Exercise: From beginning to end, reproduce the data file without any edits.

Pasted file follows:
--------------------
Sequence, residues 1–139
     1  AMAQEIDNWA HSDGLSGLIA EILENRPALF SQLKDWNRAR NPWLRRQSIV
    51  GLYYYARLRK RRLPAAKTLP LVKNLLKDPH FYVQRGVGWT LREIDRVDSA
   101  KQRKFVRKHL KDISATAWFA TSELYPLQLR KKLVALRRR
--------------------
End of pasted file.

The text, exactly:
Sequence, residues 1–139
     1  AMAQEIDNWA HSDGLSGLIA EILENRPALF SQLKDWNRAR NPWLRRQSIV
    51  GLYYYARLRK RRLPAAKTLP LVKNLLKDPH FYVQRGVGWT LREIDRVDSA
   101  KQRKFVRKHL KDISATAWFA TSELYPLQLR KKLVALRRR